Bishop Urges Marco System To Be Fast-Tracked

Bishop Simeon Hall

Bishop Simeon Hall


Tribune Chief Reporter


BISHOP Simeon Hall yesterday accused the government of stalling the full implementation of Marco’s Law, including the alert system for missing children.

The outspoken clergyman called on National Security Minister Marvin Dames to fast-track its implementation and underscored the failings of both the former and current administration regarding the matter.

“Indeed,” Bishop Hall said, “to better equip the Bahamian public to assist the police in the protection of children should rank high on our national priorities. Persons convicted of harming children do not belong in civilised society.”

“Bahamians most times are too passive and we sometimes allow the problems of crime to make us indifferent to crime.”

Last week, Mr Dames said the Cabinet paper for a proposed sex offender registry is completed and will be submitted soon. He also said testing for the Mandatory Action Rescuing Children Operation (MARCO) Alert was done but adjustments still had to be made before it could be fully implemented.

At a press conference yesterday, Mr Dames defended the implementation track, telling the media it will take more than the MARCO Alert to address crime and related social issues.

“We all would like to see thing happen immediately but there is a process,” Mr Dames said, “and we have been working to achieve that.”

“It’s going to take more than just the MARCO Alert to address the issues that we are facing. Often times we get caught up in this business that it requires a police response.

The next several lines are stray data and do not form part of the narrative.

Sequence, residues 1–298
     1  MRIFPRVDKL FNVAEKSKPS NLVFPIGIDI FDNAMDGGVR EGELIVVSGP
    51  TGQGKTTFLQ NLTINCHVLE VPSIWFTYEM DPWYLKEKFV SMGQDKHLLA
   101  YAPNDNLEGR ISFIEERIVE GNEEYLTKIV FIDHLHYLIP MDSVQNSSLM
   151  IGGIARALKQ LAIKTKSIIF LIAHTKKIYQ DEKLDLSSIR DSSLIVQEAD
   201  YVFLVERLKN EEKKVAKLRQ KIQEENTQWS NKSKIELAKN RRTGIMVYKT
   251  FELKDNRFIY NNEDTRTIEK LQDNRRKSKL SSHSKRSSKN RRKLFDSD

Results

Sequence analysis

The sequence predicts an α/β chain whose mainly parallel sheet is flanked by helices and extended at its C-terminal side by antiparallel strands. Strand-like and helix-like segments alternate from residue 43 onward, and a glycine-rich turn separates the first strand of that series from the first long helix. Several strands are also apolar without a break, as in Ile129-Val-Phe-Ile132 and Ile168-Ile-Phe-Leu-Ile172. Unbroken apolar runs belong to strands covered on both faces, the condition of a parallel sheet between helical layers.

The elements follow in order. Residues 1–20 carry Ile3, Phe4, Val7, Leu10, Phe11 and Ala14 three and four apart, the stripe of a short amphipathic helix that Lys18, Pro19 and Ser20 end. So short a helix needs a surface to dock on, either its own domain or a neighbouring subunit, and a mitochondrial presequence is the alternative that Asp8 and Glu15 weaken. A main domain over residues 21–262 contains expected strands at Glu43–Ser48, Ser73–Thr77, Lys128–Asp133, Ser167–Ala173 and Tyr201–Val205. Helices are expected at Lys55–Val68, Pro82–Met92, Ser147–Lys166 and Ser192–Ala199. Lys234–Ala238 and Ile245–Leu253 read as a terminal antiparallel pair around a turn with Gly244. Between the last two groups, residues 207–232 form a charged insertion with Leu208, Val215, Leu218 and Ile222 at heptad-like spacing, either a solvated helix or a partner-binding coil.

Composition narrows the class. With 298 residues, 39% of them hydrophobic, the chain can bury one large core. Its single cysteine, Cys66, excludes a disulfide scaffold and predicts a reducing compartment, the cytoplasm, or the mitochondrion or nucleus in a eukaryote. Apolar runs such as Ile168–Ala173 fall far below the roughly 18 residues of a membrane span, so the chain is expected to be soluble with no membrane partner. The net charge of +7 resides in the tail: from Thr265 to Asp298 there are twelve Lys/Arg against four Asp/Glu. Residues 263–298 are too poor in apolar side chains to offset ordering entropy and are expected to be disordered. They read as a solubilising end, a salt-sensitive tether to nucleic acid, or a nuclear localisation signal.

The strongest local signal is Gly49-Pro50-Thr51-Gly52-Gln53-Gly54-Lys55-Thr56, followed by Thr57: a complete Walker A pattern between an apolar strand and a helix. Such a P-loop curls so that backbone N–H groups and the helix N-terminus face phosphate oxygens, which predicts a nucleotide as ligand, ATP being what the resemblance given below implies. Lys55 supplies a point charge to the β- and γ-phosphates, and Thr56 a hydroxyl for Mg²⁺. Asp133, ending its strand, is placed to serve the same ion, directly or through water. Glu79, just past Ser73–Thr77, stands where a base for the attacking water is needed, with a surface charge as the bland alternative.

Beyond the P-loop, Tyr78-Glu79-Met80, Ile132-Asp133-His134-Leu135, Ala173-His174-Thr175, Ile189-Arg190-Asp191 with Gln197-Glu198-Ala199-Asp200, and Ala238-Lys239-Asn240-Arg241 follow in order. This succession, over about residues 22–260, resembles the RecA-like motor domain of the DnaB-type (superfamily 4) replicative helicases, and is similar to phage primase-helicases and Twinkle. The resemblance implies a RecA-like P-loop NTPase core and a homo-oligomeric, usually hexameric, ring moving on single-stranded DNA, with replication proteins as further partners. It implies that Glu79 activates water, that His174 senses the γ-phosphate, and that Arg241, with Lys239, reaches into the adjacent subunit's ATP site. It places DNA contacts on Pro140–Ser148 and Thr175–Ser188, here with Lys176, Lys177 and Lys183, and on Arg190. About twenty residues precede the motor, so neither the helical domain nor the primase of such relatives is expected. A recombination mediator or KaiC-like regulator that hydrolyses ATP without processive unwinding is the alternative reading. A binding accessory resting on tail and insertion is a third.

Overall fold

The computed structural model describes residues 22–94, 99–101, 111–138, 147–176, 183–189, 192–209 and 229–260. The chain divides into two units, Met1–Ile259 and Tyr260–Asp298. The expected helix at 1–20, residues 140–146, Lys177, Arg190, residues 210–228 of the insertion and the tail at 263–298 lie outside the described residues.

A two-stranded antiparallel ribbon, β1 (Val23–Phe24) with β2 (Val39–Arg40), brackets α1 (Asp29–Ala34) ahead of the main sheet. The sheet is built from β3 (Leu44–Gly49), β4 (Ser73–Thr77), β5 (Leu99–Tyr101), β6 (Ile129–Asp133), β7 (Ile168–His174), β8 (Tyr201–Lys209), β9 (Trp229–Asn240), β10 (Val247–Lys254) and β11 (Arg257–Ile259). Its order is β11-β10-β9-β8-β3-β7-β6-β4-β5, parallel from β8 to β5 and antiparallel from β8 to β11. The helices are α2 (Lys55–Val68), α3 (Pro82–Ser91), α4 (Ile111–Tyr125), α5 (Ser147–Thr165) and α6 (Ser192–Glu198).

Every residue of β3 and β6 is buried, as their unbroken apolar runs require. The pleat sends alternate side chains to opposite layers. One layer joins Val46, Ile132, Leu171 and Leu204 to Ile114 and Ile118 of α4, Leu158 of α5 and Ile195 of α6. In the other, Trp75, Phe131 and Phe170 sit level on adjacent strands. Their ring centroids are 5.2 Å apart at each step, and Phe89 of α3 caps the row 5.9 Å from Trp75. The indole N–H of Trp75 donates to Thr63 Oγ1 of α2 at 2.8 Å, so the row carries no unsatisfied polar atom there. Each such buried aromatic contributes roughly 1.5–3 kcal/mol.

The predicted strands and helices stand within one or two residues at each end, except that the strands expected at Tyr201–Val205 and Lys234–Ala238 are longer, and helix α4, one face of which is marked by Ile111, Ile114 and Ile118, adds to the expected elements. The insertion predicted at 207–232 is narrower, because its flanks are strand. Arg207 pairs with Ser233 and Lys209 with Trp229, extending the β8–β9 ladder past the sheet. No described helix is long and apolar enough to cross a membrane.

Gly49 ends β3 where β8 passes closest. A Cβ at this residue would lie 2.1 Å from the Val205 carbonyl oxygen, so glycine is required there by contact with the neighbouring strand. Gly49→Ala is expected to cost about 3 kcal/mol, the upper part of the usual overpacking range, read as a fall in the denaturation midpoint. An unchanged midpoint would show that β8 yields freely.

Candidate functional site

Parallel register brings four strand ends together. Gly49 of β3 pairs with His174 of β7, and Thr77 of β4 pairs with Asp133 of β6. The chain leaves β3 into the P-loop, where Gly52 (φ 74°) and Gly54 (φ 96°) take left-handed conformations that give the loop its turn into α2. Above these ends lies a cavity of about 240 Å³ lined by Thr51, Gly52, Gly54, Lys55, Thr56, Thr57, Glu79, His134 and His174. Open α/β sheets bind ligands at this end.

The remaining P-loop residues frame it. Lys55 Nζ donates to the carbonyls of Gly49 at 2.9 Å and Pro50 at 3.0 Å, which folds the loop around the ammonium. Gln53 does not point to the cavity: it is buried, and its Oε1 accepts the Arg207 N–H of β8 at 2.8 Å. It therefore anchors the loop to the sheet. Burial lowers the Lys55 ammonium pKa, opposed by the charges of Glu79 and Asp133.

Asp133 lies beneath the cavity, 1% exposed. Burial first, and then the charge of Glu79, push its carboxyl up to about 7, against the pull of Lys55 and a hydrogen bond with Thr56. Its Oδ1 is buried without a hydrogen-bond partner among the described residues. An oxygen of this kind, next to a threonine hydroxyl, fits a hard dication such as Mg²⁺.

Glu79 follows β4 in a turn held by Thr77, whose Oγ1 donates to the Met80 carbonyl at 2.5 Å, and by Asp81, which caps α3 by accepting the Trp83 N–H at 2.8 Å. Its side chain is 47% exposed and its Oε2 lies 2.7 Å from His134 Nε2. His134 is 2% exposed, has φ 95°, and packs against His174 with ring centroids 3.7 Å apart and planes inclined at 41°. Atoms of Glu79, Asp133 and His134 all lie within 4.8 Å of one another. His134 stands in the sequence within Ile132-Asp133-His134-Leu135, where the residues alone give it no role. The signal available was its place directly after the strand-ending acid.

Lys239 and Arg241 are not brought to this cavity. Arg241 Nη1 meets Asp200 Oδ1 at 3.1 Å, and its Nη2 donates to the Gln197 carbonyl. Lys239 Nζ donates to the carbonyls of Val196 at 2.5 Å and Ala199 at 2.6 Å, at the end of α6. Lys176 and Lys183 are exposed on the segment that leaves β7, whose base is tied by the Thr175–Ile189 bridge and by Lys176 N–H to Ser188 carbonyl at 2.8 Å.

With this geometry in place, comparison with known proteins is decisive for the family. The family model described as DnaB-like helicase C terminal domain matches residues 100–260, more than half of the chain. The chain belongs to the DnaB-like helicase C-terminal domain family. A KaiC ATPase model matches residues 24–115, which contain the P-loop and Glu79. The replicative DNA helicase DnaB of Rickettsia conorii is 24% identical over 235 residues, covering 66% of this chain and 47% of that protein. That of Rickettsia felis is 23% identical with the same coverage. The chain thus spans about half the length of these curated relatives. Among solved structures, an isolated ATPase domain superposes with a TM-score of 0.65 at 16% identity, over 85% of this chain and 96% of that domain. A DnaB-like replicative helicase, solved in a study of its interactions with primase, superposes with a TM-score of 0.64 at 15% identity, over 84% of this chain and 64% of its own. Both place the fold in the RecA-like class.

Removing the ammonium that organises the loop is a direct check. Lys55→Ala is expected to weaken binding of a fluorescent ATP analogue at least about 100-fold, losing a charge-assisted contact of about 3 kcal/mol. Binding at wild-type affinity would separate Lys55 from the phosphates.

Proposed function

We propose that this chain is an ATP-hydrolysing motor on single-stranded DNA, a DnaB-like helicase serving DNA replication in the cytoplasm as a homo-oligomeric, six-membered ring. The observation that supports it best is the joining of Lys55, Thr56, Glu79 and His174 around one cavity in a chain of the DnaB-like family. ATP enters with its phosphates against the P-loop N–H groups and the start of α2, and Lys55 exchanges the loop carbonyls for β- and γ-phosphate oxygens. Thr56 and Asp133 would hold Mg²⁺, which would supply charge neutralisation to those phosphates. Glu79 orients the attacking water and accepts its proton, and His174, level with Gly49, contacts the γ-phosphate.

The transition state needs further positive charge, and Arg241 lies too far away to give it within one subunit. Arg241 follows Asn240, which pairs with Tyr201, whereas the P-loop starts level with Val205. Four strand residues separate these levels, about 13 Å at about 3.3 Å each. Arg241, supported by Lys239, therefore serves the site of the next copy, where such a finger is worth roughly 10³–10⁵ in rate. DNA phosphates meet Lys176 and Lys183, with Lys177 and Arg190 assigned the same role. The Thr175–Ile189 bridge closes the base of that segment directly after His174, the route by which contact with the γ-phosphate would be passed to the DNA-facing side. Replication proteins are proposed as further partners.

“We are taking a multi-faceted approach to these issues and we have been introducing other initiatives to work hand in hand to address the issue of crime, to address the social issues that are impacting this country in a very negative way.”

Renewed calls for the swift implementation of the alert system and sex offender register were brought to the fore after an eight-year-old girl was abducted from her home early Sunday morning and sexually assaulted.

The child was found a short time later by a passerby, who took her to a nearby police station.

Her abduction follows an incident in February when a three-year-old boy was taken from his yard and then left frightened and alone outside a Fox Hill washhouse several hours later. The incident sparked a manhunt for two women believed to be the assailants.

For his part, Bishop Hall said: “Both governments slow with Marco’s Law, the implementation of the proposed Marco’s Law is taking far too long to be enacted.

“I call on the minister of national security to do all in his power to fast forward this promise, and give right thinking members of the Bahamian public the ammunition to aid children who might be traumatized on any level and in any way.”

The Minnis administration’s version of the MARCO Alert was announced last July. This came after the Christie administration launched the alert in 2016, however the system never appeared to have been used in the case of missing or abducted children.

Unlike the original alert, which was almost exclusively tied to traditional forms of media, the new alert system will operate via a web-based platform which allows for broad dissemination across any phone, pagers, emails, internet pop ups, fax, loud speakers, RSS feeds and secure encrypted messages through mobile applications and radio, officials have said.

Yesterday, Mr Dames added: “I’m certain at the end of the day what you can expect is an initiative that will be very easy to use, easy to apply and easy to execute.”

The plan for a sex offender registry was introduced in 2013 with an amendment to the Sexual Offences Act after the murder of 11-year-old Marco Archer by convicted child killer Kofhe Goodman.

However, it was never created by the previous administration. Marco’s murder also sparked amendments to the Child Protection Act, which established the MARCO Alert system for missing children.


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